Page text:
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After they marry, it quickly becomes apparent Cable has no intention of leaving his beloved hometown of Highcoal. Reluctant at first, Song is soon swept up in the strange, funny, and always interesting highjinks of the little mining town's quirky citizens. But things turn deadly serious when, to save her husband and her town, she must put on the red helmet of the new coal miner and make a life-changing sacrifice.
Note: contains language that some may find offensive.*
|Format: DRM Protected ePub|
Vendor: Thomas Nelson
Publication Date: 2008
Song Hawkins is a beautiful, tough, but lonely New York City businesswoman who thinks she's met the man of her dreams in Cable Jordan, the superintendent of a West Virginia coal mine. But soon after they impulsively marry, Song realizes they're in big trouble. She can't imagine life outside of New York, and Cable has no intention of leaving his beloved town of Highcoal.
Song's visit to the little mining community only makes things worse. It looks like the marriage is over. But in a shocking turn of events, Song realizes it's up to her to put on the red helmet of the new coal miner and descend into the deep darkness. There she faces her greatest challenge with choices and courage that will forever impact the life of Cable and the entire town.
Homer Hickam (also known as Homer H. Hickam, Jr.) is the bestselling and award-winning author of many books, including the #1 New York Times memoir Rocket Boys, which was adapted into the popular film October Sky. A writer since grade school, he is also a Vietnam veteran, a former coal miner, a scuba instructor, an avid amateur paleontologist, and a retired engineer. He lives in Alabama and the Virgin Islands.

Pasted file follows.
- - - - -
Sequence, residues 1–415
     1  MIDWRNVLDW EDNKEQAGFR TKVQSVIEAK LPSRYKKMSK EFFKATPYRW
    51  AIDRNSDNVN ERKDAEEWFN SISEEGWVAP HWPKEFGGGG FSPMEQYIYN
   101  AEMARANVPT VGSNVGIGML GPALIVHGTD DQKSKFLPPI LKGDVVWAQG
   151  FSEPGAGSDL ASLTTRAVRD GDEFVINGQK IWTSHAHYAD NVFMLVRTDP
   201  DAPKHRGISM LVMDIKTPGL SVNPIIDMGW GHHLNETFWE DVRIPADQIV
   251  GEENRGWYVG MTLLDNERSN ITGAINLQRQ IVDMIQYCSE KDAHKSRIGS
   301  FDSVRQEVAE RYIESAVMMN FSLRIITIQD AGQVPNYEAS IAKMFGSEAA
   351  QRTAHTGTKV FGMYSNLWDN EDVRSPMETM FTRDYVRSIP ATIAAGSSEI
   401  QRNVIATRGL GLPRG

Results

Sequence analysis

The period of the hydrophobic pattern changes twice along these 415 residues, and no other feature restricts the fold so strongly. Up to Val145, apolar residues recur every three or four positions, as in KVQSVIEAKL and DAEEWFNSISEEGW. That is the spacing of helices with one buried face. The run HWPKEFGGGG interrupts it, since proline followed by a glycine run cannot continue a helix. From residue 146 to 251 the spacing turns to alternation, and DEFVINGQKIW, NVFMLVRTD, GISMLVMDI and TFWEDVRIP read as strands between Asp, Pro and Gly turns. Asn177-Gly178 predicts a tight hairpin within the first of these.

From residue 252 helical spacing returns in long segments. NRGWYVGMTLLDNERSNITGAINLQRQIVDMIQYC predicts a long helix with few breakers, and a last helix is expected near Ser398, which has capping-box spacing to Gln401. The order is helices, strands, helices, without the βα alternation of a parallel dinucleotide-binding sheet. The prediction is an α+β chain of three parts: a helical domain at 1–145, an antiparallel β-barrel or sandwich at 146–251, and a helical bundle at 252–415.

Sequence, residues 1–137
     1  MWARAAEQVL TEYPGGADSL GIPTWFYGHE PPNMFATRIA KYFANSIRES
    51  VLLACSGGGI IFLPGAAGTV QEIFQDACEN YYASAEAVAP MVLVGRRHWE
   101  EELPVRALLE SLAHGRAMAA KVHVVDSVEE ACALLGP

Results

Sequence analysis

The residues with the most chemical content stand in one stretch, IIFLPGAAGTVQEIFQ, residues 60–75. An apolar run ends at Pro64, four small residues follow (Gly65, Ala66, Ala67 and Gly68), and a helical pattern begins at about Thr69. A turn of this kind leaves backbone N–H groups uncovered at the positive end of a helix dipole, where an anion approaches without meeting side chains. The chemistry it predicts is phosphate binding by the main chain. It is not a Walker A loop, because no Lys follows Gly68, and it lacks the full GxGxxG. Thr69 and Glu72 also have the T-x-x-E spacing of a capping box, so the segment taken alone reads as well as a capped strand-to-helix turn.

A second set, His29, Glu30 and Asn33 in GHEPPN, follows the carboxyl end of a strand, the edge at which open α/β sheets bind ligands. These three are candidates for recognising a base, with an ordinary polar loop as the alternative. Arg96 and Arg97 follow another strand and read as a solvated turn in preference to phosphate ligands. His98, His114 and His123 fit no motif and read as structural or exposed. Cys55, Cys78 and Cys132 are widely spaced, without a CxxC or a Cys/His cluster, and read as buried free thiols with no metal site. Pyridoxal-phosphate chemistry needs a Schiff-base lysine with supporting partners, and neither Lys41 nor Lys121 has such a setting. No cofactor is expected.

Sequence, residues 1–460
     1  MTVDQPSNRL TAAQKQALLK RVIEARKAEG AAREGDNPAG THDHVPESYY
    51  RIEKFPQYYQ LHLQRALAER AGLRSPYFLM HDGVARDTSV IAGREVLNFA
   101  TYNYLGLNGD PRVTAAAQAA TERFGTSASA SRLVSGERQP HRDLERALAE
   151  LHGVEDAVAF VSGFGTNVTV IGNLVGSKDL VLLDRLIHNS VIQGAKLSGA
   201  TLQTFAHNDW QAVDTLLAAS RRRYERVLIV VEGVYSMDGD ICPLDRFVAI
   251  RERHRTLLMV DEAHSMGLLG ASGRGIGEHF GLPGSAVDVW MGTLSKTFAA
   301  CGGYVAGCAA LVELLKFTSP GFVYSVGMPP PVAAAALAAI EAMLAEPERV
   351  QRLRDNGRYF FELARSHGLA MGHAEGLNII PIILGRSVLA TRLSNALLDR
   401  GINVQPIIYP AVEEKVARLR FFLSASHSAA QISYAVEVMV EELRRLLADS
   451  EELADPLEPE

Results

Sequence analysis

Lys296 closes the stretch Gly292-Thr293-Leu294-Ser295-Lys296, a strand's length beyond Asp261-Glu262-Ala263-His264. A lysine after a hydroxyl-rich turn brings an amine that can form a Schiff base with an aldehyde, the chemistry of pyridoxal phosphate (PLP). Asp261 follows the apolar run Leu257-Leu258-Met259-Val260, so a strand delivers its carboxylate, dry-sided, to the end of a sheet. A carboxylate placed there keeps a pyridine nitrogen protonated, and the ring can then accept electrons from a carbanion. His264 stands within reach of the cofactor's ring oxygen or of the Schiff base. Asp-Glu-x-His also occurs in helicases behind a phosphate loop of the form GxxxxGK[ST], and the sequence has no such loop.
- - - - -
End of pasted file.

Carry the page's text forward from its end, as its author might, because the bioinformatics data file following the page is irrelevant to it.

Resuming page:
Cynthia Medford5 Stars Out Of 5August 16, 2010Cynthia MedfordI am a God fearing believer but I was born a sinner. Song is a sinner who towards the end of the storyline becomes a believer. I have never found a Thomas Nelson book that was not proper for a church library. I was asked by one member to read the book and still feel like it is fine for the library. I like how Hickam tells the story of how miners and their families come together in times of tragedy supporting one another. The love Song shows Cable as they both try to escape the mine was touching.
Richard Ratliff5 Stars Out Of 5August 28, 2009Richard RatliffThe previous reviewers should have finished the book. This is a great story of conversion of a nonchristian thru the love of unlikley new friends. I worked my way thru college in undergroung mines and know that the work is hard and dangerous, but the workers have great faith in God.
Nancy Matson1 Stars Out Of 5July 21, 2009Nancy MatsonI agree with the other reviewer. I had to quit reading it after the first page. It is not a Christian book.
Mark1 Stars Out Of 5July 6, 2009MarkThis book does not belong in a Christian store, or on CBD. The language and content are not Christian. Use of the "b-word" and more. This is par for the course anymore for Thomas Nelson - more people need to complain to them, as I have.